Company Car Today - Issue 54 - 26th June 2019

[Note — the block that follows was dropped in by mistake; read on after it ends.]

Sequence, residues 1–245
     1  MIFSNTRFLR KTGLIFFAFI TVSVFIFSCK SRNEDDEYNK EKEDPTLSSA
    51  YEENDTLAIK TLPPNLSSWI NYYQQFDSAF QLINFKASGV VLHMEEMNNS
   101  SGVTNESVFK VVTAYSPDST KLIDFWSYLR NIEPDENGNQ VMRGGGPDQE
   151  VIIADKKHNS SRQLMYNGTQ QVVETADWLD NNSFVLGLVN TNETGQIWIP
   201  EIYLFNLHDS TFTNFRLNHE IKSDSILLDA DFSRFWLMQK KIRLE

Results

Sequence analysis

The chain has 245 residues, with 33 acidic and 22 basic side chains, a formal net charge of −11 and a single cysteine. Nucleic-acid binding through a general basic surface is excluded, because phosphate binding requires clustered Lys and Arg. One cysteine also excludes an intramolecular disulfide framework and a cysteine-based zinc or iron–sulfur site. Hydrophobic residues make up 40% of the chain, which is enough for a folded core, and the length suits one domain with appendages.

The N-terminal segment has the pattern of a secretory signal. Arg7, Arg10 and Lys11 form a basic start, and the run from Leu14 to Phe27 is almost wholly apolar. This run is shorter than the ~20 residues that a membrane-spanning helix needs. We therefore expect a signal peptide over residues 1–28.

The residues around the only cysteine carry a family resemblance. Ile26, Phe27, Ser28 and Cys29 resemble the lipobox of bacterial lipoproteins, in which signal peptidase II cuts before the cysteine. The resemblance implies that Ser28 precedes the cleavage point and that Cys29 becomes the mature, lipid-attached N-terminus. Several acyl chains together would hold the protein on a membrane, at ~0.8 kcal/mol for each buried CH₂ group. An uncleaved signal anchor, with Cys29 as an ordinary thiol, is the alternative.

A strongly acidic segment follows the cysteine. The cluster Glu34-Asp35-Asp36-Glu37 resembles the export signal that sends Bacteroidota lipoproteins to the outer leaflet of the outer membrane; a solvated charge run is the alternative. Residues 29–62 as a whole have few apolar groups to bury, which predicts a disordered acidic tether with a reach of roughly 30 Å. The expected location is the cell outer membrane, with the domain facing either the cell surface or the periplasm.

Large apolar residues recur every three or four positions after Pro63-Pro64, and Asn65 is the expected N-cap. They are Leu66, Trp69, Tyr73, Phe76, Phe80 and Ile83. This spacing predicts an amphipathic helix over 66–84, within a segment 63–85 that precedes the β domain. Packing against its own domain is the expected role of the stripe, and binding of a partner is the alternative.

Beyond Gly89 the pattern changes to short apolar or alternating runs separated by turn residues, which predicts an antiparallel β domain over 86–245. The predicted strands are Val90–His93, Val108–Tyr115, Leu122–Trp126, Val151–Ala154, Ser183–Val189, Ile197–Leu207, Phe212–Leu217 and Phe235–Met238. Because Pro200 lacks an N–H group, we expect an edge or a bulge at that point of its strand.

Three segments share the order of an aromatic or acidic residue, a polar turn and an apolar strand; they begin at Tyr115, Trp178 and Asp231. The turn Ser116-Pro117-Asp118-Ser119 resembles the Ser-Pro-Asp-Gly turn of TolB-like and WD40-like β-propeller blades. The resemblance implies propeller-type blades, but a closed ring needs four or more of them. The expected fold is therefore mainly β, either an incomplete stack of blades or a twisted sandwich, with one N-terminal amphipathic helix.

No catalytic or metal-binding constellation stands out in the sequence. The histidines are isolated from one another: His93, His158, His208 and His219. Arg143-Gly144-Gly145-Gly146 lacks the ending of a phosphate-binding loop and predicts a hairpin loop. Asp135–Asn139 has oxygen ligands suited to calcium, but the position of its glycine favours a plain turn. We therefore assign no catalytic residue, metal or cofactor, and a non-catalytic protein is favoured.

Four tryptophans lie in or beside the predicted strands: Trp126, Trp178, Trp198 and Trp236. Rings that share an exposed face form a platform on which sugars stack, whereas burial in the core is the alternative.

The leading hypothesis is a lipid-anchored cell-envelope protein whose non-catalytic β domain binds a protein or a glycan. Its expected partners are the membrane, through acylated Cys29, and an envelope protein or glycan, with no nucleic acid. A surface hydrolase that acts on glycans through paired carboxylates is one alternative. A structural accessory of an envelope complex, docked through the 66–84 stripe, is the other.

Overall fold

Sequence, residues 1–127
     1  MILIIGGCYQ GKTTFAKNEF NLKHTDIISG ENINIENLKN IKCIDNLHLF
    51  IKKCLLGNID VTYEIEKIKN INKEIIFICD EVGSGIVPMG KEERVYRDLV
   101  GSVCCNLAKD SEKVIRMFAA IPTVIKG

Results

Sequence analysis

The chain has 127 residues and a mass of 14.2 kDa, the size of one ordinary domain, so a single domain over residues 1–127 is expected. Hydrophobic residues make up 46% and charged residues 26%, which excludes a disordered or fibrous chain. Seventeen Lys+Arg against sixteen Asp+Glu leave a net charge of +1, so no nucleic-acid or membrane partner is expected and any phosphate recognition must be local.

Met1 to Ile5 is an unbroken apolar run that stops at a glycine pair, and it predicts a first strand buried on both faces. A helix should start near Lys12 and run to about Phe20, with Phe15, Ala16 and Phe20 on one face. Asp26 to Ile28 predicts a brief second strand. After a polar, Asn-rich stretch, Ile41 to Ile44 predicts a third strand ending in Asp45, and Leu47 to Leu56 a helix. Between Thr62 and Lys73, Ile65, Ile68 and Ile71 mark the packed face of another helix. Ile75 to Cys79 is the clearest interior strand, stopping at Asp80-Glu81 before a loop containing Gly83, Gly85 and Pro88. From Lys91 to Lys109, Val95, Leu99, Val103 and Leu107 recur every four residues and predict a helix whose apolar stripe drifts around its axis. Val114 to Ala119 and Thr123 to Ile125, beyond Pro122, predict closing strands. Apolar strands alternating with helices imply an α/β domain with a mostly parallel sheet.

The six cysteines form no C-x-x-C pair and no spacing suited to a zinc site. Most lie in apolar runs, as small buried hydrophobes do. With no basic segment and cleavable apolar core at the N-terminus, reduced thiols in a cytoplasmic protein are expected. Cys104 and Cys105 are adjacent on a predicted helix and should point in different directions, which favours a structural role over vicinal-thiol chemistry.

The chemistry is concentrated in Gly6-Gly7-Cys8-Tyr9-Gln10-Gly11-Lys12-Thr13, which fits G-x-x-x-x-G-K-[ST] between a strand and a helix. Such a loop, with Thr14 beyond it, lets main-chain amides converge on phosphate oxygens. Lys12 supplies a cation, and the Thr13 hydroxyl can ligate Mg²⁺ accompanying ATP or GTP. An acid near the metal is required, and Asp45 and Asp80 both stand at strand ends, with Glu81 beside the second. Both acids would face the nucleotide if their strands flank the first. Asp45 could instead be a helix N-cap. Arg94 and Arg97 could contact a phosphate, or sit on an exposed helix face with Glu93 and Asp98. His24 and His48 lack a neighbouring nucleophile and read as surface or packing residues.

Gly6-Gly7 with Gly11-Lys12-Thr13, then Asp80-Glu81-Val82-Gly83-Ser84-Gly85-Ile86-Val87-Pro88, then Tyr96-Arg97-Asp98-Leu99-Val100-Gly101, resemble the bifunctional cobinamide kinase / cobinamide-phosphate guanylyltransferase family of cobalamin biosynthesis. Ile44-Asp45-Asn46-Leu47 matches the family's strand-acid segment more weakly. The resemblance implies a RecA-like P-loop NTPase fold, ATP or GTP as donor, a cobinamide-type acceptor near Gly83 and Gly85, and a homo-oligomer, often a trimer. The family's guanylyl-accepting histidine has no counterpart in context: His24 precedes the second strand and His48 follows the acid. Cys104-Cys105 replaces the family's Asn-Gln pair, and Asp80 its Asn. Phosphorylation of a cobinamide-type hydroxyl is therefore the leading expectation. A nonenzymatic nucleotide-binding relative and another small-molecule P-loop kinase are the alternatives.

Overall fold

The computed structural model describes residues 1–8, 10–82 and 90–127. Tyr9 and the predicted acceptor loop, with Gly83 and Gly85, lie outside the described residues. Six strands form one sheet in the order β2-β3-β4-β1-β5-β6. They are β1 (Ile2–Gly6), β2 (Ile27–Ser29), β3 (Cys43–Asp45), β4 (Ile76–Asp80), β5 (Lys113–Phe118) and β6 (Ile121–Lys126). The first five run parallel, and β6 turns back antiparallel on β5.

“The new B-Class features the latest version of our 2.0-litre four-cylinder diesel engine which already meets the new RDE2 emissions standards. This means company car drivers will benefit from tax savings due to the removal of the four per cent BIK diesel surcharge. Private customers will also benefit from a lower road fund licence. Along with the financial benefits, the B-Class is even more practical. It also features the latest infotainment system, which includes a state-of-the-art touchscreen and voice-controlled virtual assistant.” Tom Brennan, head of fleet sales, Mercedes-Benz Cars WHAT THEY SAY... ● Mercedes’ brake hold function, where they stay engaged if you stab the brake pedal, is a very useful feature that it’s surprising others haven’t copied. ● The front bumper on the AMG Line trim level is rather low, and scraped the ground over particularly aggressive speed bumps or even hefty dips in the road. ● The throttle is very sensitive and it’s easy to lurch when pulling away or at low speed until your brain has recalibrated. TEST NOTES The new B-Class enters something of a minority segment, with boxy and upright people carrier- style vehicles having been well and truly usurped by the SUV and crossover breed that are deemed more stylish by buyers happy to overlook the reduced practicality. But Mercedes has persevered with its larger and more spacious sibling to the A-Class hatchback as part of a seven-strong small car offering, and the B-Class is also right at the forefront of cars offering engines that comply with RDE2 emissions regulations. Two of the diesels meet RDE2, which means they sidestep the Government’s four-band Benefit-in-Kind penalty on diesels, as is also the case on the 200d and 220d engines in the A-Class. That means a saving of more than £40 a month for higher-rate tax payers on the B200d driven here, as well as around £500 on a business’s National Insurance payments on the car over three years. But there’s more to the new B-Class than a bit of saving on tax. The car comes in Sport or AMG Line trim levels and with a choice of four petrol and three diesel engines, with an entry 116hp B180d joining the RDE2-compliant diesels, and the petrol range running from entry 136hp B180 to the most powerful model in the line-up, the 224hp B250. The B180d is the most efficient in the range; when fitted with the seven-speed automatic gearbox, it gets down to 103g/km, although it still sits one BIK band above the 115g/km B200d thanks to the latter’s RDE2 compliance. All are front-wheel drive, but the B220 petrol in AMG Line trim is also available with Mercedes’ 4Matic all-wheel drive system for £1920 over the regular car. The B180 petrol and diesel and the B200 petrol have the choice of seven-speed auto or six-speed manual transmissions, while the rest of the range is only offered with an auto (seven speeds on all bar the two more powerful diesels, which get a new eight-speed gearbox). The step up from Sport to AMG Line is a very modest £1495, and that adds privacy glass, the AMG bodykit, sports seats, stainless steel pedals and other visual adornments, including the 18-inch alloys that look much more attractive than the Sport’s 17-inch wheels. All cars get two-zone climate control, lane-keep assist, autonomous emergency braking, cruise control and a rear parking camera, but the standard kit roster isn’t overly generous. Mercedes bundles the majority of its options into packs now, which means, for example, heated seats can only be had as part of the £1395 Executive Pack, that also includes the excellent 10.3-inch media display, front and rear parking sensors and folding mirrors, while the £2259 Premium pack brings the Executive kit plus a 10.3-inch instrument cluster, keyless entry, uprated sound system and improved interior There’s far more to the new B-Class than a bit of a saving on your monthly tax bill ROAD TEST COMPANY CAR TODAY.CO.UK 13

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